Thursday, May 24, 2018

"Moravian Gunmaking II - Bethlehem to Christian's Spring" by Robert Lienemann

Robert Lienemann and team extend their previous pioneering study focusing on the gunshops at Bethlehem and Christian’s Spring 1750-1790

224 pages with high quality photos - most in color, plus sketches and critical dimensions

Great reference for collectors, builders, restorers, and historians

Our first book – Moravian Gun Making of the American Revolution included a brief history plus twelve wonderful arms - rifles, smooth rifles, a swivel breech rifle, fowler and pistol from various communities over many years, and allowed for a broad introduction to Moravian gunmaking. 


In contrast, Moravian Gunmaking II focuses narrowly on arms that were – or may have been made at the gunshop set up at Bethlehem in 1750, which then moved ca 1759 – 1763 to Christian’s Spring – a small community where young men and boys learned trades in support of their mission work.  The gunshop there was very active during several wars, but it and the broader vocational effort had faded by 1790.   


An introduction is provided to Moravian gunmaking, and the two gunshops along with typical tools, materials and techniques are discussed.  This is followed by a brief summary of who was where, their roles and what was happening in the world around them for each year 1750 through 1790.  Then come chapters introducing the arms, their art and history.



Many individuals, families and museums have shared their collections, and new color photographs were taken of all available pieces.  Wherever possible, key dimensions are given and construction details reviewed and compared.  This should be of value to study, stocking and restoration, while still being respectful of those who have shared their treasures with us.  Twenty two long guns, a pistol and a pair of pistols are presented in this book, often with eight to fifteen or more photos each –


A ca 1725 rifle and ca 1750 pistol stocked in Germany, to show what Albrecht, Beck and others might have learned as apprentices and journeymen there, and what they may have taught their young apprentices here

The keystone Edward Marshall rifle, often attributed to Andreas Albrecht, presented in color with comments from John Bivins and the author

Smooth rifle that seems a twin to the Marshall rifle, with comments from a prior curator

Rifle attributed to Albrecht, known as rifle # 43 in Shumway’s Rifles of Colonial America, Vol I   

Photos and notes regarding a “lost” rifle that might have come from these shops

1773 Christian Oerter rifle, known only from a letter in Oerter’s hand describing his work

Oerter rifle signed and dated 1774 with wood patchbox and wire inlay, now restored

“New” 1774 Oerter rifle, recently discovered in Europe in near new condition, broken down for careful review inside and out, with nearly 50 photos, many dimensions and details

1774 Oerter rifle for Coykendall, restored and now in color with review

Extensively decorated “new” 1774 Oerter rifle for Hankinson with review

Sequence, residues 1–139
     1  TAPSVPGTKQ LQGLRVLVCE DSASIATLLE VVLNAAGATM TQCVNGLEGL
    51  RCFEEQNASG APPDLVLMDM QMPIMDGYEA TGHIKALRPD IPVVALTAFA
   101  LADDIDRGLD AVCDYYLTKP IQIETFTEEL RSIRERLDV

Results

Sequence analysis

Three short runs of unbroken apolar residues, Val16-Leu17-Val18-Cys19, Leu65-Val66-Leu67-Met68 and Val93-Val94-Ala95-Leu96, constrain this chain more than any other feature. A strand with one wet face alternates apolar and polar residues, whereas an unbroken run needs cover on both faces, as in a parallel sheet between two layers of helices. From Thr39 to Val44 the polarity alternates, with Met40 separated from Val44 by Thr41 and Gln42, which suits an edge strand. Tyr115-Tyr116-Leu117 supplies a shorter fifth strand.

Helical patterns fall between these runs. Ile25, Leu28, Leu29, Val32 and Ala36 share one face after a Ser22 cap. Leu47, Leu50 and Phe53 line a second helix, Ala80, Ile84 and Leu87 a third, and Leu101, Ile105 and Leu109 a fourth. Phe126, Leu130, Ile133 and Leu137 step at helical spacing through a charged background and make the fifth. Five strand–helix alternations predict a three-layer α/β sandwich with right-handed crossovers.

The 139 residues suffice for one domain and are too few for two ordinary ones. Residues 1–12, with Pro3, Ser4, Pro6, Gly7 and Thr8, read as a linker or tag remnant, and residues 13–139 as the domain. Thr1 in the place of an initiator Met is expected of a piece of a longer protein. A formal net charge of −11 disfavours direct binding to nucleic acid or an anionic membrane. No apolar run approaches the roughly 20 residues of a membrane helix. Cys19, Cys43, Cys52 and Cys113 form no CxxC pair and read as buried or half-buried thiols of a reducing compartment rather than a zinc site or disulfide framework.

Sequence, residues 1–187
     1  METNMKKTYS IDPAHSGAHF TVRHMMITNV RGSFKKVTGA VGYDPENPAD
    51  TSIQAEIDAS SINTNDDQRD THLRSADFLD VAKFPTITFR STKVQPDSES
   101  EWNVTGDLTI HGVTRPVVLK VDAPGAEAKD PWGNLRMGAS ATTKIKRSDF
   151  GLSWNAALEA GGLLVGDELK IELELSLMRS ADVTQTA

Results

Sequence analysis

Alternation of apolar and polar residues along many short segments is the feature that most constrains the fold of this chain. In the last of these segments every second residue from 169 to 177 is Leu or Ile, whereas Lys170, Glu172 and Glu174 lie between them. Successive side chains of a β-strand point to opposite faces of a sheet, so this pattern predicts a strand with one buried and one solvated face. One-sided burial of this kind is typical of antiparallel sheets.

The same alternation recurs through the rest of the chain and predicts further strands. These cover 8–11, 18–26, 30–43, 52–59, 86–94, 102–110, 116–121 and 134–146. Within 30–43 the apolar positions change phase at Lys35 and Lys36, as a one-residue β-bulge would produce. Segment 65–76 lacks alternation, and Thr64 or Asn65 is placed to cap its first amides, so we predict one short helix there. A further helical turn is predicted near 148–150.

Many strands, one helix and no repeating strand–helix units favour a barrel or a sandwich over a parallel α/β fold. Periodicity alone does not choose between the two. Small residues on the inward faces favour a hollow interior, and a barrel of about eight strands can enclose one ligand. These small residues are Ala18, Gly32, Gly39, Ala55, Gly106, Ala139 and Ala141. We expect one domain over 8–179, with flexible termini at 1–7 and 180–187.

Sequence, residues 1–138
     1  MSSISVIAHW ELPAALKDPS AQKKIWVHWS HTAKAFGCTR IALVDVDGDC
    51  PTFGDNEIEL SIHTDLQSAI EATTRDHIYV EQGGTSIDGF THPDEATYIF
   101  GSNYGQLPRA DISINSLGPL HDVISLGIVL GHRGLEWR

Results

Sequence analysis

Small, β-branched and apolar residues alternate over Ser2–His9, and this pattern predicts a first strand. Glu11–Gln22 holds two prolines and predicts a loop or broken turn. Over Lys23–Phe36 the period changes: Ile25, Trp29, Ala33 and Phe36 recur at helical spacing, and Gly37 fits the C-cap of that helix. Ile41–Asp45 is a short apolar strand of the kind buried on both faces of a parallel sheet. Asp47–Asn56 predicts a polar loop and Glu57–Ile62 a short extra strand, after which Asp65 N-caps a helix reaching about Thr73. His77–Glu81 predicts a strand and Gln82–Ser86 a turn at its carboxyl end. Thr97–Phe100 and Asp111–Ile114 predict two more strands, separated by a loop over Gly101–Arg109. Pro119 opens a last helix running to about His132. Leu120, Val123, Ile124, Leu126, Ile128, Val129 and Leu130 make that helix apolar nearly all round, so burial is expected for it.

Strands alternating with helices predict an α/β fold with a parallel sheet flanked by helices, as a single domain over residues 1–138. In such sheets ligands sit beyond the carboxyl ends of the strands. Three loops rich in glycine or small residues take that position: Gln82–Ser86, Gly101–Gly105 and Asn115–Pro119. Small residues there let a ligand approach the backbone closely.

Hankinson thumb piece and wire inlay

Aaron Hankinson portrait

Aaron Hankinson gravestone

Short description of another surviving 1774 Oerter rifle without photos

Signed and dated 1774 Oerter barrel in probable restock

1775 Oerter smooth rifle at Windsor Castle with modifications by Durs Egg (Shumway’s # 44), also in near new condition, now in color with detailed review

1775 Oerter rifle stolen from Valley Forge (Shumway’s # 45), with additional black and white photos which clearly show the profile, details and wire inlay

A long fowler attributed to the Christian’s Spring gun shop

Fine pair of brass barreled pistols signed W Henry, Jr. at Nazareth, now in color
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Six additional rifles or smooth rifles that seem related to these gunshops are presented in color with notes.  Two are covered extensively, while four are mentioned briefly with two or three photos each.

We also learn about the musical abilities of these individuals, and their formal teaching roles.  Their additional artistic talents and the closed nature of the two communities may have allowed and encouraged greater artistic expression at the bench.

This focus on one trade at two locations allows a more in-depth study of how the gunmaking trade operated, and much of the understanding of the trade can be projected to other men and shops in this period. 

Here is a small part of the story of the birth and development of the Kentucky rifle, and of our art and history expressed upon this common tool.

The book is now available on the Kentucky Rifle Foundation's website under the Store. You can order online with PayPal, credit card or with a check by mail. The book sells for $85.00 plus $8.95 S&H. Proceeds support the KRF mission of broadening the knowledge and appreciation of the American longrifle. Descriptions of all KRF books, CDs, and ordering information can be found at: kentuckyriflefoundation.org (or send check or money order to: Kentucky Rifle Foundation, 844 Round Hill Rd, Winchester, VA 22602)

Copy and photos supplied by by Robert Lienemann.

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